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  In my travels I would occasionally see a particular PV on the road going the other way. The car was white with an offset racing stripe and had decals and racing numbers on the doors. It sat hunkered down on its suspension, no hubcaps, and I could see a rollover bar inside. The driver would always give me a big "thumbs up" when we passed. I thought the car looked neat so I decorated mine similarly, minus the roll bar and lowered suspension. As I was filling up at the corner Gulf station one day, the white Volvo roared in. Out jumped a stocky young man in a very bad temper. I was told in no uncertain terms that I had no right to the decorations on my car. I hadn't earned them. In this manner I was introduced to Norm Horowitz, the local Volvo hotshoe. Norm didn’t suffer frauds lightly. Eventually he had to pause for breath and I took the opportunity to explain that I wanted to go racing but didn't know how. Norm’s anger quickly evaporated and he put me in touch with the British Sports Car Owners Assoc., a club that oddly seemed to have more Volvo owners than anything else.

 Over the winter I purchased a set of used Michelin X tires, a set of 5'' wide Dodge wheels from a junkyard, had a simple hoop roll bar installed and a 3" competition lap belt. It's interesting that I had to replace the three point harness that came with the car with a simple lap belt to comply with the racing safety rules of that era. The only plus to the racing belt was the instant release capability. I bought a black cotton drivers suit and with the Bell Shorty helmet from my kart racing, I was set to go. The following spring Norm was my instructor at the BSCOA March competition drivers school at the Lime Rock Park race track in Connecticut.

Hobo Hill climb - 1966

    Up to this time I had earned something of a reputation as a driver among the car crowd in my neighborhood. I didn't own the fastest cars, but I could slide through the "esses" on the Bronx River Parkway or the “pipeline” faster than anyone. I knew how to “heel & toe double clutch down shift”. I knew about "racing lines", "apexes" and how to "drift" a corner from my kart racing and the reading I had done on European style road racing. In short I was loaded for bear and ready to set the racing world on fire.  It took Norm less than four laps to burst my bubble and deflate my ego. I thought I knew my Volvo pretty well but I soon found it had a whole 'nother personality. My “performance” driving up till then amounted to nothing more than a Sunday cruise in the country by comparison. I had NO idea that a car could be driven that fast and stay on the road. Norm kept his foot down entering the turns till we were RIGHT THERE. I was sure we'd hurtle straight on into the woods (there were no “sand traps” on race courses back then). I had a death grip on the vent window post and the seat frame despite the three point belt still mounted on the passenger seat. As I was bracing myself for the inevitable crash, Norm would stab at the brake, throttle and clutch pedals simultaneously, much like a dance step. While braking hard with the ball of his right foot, he rolled his foot to the right to blip the throttle as he double clutched with his left foot in what is known as “heel and toe” down shifting. He flicked the wheel with his left hand, the gear stick with his right, then squeezed the accelerator to the floor. The PV heeled over with a violence that I knew had to carry it the rest of the way over onto its roof. The little B-16 engine screamed defiantly and my feet floated up off the floor as we howled through Lime Rock's infamous uphill turn. All the while Norm kept up a running commentary about lines, apexes, etc. as if he were in a classroom. Norm pulled into the pits after four laps (which was just as well, one more lap and I would have lost my breakfast) and told me that that was about one half racing speed just to give me the idea. I was stunned and humbled. Some years later Howie Markham, a good friend of Norms, laughed when I told him of that experience and said that Norm was probably going as fast as he could turn a wheel. Norm used the remark about half racing speed purposely to humble cocky students.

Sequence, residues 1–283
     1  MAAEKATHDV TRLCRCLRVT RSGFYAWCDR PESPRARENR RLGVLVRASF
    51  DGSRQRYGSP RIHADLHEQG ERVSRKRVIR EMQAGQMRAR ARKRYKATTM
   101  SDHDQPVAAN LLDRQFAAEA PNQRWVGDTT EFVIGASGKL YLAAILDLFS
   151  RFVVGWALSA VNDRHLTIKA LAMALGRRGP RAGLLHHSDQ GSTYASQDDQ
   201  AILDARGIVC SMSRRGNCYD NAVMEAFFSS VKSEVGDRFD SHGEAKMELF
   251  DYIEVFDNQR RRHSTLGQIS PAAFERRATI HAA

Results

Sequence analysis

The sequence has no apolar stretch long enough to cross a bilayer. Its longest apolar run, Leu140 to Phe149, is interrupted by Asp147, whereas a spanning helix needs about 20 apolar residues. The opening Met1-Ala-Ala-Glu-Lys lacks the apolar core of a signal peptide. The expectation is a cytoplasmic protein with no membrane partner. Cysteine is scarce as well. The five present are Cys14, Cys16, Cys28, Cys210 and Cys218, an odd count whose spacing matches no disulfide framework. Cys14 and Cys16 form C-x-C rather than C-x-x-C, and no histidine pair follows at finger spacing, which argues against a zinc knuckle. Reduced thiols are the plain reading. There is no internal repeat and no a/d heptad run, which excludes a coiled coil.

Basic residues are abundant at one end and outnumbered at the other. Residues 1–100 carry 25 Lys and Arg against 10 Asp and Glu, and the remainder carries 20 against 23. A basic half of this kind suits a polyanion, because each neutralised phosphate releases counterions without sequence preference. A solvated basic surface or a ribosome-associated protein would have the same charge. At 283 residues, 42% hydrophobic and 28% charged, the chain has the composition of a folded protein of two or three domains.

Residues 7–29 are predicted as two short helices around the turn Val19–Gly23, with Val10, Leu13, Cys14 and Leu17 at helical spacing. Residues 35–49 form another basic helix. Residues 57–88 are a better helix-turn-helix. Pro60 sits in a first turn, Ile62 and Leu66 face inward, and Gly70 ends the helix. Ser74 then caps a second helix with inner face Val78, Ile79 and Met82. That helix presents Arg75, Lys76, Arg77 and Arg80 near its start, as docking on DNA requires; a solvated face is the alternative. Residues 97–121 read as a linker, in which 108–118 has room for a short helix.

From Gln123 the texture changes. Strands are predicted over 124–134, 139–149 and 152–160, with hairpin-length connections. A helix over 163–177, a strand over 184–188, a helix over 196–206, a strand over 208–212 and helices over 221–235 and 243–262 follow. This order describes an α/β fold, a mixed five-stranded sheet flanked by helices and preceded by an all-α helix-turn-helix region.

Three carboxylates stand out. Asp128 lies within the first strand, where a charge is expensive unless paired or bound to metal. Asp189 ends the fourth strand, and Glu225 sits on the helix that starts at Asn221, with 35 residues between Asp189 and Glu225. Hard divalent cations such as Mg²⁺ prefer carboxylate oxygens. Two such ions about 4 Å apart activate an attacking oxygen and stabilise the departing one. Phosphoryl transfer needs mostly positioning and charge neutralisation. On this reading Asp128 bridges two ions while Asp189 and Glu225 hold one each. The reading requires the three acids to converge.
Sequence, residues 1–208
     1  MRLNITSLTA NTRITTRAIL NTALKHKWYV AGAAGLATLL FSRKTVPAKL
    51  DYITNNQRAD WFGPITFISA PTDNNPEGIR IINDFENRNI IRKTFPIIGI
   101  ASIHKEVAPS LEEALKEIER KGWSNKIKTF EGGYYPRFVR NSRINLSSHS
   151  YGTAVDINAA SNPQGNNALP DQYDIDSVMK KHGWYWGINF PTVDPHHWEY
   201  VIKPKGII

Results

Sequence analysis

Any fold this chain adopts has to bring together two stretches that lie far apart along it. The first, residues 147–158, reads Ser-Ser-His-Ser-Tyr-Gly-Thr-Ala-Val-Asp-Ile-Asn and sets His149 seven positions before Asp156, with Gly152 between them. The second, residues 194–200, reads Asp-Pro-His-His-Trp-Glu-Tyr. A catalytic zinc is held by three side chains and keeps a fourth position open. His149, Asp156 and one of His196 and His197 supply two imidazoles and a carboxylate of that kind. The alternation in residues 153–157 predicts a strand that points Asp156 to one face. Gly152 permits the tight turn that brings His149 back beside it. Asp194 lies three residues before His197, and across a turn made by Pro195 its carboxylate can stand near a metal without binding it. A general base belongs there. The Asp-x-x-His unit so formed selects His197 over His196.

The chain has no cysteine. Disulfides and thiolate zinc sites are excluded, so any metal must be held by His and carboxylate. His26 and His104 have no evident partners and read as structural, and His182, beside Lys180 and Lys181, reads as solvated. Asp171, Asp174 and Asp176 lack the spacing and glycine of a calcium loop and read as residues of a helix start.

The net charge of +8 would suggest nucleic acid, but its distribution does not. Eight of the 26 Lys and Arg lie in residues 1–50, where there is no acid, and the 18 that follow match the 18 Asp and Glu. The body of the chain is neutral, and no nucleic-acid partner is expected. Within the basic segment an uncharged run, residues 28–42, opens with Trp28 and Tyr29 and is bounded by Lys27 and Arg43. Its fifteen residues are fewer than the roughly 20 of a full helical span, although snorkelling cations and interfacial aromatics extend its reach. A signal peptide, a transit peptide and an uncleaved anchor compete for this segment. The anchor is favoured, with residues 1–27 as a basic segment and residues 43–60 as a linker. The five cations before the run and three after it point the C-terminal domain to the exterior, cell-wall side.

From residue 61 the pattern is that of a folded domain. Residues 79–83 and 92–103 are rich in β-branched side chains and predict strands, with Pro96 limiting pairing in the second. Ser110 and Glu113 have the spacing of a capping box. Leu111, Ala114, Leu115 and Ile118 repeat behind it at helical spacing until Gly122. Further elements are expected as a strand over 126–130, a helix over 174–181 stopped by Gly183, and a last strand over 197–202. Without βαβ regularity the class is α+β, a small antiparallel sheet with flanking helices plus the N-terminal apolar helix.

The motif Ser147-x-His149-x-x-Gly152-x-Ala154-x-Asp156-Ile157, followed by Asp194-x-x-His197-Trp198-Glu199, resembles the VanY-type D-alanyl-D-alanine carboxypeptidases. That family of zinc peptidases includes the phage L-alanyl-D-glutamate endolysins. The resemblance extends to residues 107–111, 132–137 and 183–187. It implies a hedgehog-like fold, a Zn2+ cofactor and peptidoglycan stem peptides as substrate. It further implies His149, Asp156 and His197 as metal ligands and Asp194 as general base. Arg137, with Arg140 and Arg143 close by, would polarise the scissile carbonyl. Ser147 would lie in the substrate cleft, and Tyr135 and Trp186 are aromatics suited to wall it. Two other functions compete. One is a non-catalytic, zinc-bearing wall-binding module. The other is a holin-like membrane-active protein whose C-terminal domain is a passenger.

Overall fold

Thanks to an instructor who understood the mindset of a 19 year old male, I was able to learn how to go fast without finding out the hard way that I didn't know as much as I thought I did. Due to insurance regulations the club couldn't issue a competition license to anyone under the age of 21. I filled the intervening year and a half with gymkana's, hill climbs and more drivers schools. When the day of my first race arrived it was to be an experience I would never forget.

Turn one at Lime Rock  -  1966